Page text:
A (Application):  I’m proud to have been (and continue to be) a part of the #MurfreesboroLoves movement, based in Murfreesboro, TN.  We called together people from all walks of life a few weeks ago to demonstrate that love will define our community, not white supremacists, who planned to hold a rally on our public square recently.    We had literally 100’s of folks come out to stand up against hate and for love of neighbor.

The Murfreesboro Loves movement gave the voiceless a voice, a rallying point around which many would gather to show mutual care and love for one another.

Instead of being only “against” a group of people, we also tried to convey a message of being “for” one another.

The truly hard work comes in trying to also show love towards those we rallied against.  We chose a particularly non-violent, separate stance.   We stayed away from their rally, and instead chose to greet them with messages of love and that hate was not welcome in our town.  We did this with demonstrations, posters, marches, and banners along Old Fort Parkway and Church Street – the 2 main thoroughfares through which the rally folks would have to drive through to get to the rally site.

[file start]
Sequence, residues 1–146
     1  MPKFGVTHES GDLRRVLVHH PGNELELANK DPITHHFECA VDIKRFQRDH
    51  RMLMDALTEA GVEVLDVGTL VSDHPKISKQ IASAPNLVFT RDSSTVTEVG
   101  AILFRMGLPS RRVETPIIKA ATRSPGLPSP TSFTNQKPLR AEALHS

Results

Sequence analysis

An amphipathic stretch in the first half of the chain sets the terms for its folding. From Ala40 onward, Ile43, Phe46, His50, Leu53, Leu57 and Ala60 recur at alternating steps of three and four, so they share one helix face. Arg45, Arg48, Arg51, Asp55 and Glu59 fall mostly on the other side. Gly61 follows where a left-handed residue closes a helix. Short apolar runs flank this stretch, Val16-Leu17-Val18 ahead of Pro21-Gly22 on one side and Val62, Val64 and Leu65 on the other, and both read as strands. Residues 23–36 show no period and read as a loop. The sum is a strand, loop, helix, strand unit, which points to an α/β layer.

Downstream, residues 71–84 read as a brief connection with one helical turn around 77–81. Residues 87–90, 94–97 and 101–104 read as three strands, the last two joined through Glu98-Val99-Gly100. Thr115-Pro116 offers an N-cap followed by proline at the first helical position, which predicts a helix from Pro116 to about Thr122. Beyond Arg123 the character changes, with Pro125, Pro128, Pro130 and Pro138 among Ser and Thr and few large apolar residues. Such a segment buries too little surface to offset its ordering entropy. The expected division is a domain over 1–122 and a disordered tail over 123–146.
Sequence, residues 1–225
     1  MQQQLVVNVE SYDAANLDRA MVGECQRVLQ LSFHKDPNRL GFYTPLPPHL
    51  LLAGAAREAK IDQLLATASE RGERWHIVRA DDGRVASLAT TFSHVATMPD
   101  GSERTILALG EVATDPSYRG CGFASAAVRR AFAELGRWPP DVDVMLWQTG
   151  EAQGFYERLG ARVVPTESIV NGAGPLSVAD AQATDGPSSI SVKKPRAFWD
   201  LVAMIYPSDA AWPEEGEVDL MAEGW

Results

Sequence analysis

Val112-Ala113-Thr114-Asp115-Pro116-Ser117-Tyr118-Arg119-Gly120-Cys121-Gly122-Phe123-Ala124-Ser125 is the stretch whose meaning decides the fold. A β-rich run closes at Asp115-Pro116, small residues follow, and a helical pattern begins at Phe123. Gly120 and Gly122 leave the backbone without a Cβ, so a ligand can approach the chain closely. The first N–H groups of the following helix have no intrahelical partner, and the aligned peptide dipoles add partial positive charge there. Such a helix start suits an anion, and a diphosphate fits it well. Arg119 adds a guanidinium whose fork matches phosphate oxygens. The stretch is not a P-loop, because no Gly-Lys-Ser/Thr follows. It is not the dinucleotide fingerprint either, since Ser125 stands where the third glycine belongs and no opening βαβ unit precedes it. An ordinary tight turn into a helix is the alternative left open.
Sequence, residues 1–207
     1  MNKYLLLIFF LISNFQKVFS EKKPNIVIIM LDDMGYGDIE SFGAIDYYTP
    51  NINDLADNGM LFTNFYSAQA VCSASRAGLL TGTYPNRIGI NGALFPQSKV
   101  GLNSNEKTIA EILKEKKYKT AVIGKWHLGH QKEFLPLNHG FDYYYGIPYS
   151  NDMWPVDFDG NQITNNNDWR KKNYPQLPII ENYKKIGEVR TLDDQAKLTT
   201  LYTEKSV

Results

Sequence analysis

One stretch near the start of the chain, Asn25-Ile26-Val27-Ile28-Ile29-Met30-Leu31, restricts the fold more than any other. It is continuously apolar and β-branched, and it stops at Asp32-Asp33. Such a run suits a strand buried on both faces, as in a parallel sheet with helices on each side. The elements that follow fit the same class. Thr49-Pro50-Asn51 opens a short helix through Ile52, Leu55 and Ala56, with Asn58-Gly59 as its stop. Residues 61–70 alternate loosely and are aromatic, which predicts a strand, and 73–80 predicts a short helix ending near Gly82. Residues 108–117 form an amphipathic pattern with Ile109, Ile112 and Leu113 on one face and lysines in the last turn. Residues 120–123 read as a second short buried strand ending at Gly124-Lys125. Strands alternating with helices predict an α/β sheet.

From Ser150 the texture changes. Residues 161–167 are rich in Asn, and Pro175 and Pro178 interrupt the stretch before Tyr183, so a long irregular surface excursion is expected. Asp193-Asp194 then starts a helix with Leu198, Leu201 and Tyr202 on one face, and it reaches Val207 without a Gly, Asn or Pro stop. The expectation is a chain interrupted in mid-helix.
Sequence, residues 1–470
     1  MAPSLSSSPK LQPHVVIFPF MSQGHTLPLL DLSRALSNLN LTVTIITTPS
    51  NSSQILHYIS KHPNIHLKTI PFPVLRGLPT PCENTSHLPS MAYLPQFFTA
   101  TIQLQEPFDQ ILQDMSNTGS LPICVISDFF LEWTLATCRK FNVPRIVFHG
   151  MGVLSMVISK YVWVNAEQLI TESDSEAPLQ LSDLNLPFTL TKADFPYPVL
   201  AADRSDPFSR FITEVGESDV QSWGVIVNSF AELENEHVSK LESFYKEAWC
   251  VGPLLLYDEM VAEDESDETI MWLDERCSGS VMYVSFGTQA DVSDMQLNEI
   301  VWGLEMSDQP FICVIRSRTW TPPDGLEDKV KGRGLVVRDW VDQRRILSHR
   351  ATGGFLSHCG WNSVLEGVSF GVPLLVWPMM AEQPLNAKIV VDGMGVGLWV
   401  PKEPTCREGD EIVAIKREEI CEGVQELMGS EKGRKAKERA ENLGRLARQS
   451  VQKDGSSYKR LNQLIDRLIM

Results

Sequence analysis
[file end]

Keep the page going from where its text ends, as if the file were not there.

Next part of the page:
They ended up cancelling the rally, but our message was heard loud and clear.   We did our best to stand for God’s decrees – decrees that call for us to do justice, to love kindness, and walk humbly with God.  A diverse group of people upheld God’s decrees:  atheists, Christians, Muslims, Buddhists, and people of other faiths, as well.

God works in many ways, through many people.  Today, I thank God for choosing me to be an instrument of peace.

And yet…no matter how hard we work to show love for neighbor…we still see random acts of violence, the devastating violence of mass shootings.  We wish to be proactive in our movement towards peace and love…and yet sometimes, all we can do is be reactive.  Such is the case in this shooting in Texas.  We see yet another mass shooting, this time in Sutherland Springs, TX, on November 5, 2017.